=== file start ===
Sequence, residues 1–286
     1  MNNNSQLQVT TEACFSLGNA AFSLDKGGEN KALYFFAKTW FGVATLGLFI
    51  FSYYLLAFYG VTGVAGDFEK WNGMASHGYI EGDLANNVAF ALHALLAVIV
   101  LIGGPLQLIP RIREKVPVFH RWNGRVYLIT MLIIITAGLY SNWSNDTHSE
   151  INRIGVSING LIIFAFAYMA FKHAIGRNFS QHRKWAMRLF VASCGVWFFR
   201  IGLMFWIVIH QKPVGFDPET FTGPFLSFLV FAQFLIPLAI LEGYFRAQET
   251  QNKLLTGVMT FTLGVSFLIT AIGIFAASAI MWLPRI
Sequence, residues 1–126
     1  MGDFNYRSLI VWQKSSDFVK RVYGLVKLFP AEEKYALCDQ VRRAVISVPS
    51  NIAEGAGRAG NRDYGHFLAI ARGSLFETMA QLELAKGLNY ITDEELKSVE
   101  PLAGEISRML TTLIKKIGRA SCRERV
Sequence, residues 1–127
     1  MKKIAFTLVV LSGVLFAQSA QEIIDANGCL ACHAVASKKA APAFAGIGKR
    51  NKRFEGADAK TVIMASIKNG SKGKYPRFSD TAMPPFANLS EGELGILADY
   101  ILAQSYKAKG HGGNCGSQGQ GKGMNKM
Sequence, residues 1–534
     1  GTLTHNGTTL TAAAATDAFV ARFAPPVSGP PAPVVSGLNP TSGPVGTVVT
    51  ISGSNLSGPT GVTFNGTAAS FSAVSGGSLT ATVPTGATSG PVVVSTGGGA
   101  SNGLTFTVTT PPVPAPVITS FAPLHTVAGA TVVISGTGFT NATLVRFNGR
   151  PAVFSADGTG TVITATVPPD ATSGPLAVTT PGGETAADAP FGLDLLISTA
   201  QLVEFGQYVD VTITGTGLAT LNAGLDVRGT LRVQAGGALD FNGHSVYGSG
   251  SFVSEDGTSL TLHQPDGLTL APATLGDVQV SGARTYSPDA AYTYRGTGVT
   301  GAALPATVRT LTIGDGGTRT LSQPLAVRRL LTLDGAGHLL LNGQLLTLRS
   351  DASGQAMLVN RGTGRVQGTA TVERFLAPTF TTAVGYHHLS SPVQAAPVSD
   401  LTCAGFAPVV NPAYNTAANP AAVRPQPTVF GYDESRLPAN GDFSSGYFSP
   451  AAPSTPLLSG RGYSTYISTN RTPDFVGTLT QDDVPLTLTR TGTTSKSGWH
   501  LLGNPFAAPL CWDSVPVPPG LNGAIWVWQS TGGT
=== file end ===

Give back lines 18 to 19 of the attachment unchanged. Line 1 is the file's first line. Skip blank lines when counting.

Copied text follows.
    51  ISGSNLSGPT GVTFNGTAAS FSAVSGGSLT ATVPTGATSG PVVVSTGGGA
   101  SNGLTFTVTT PPVPAPVITS FAPLHTVAGA TVVISGTGFT NATLVRFNGR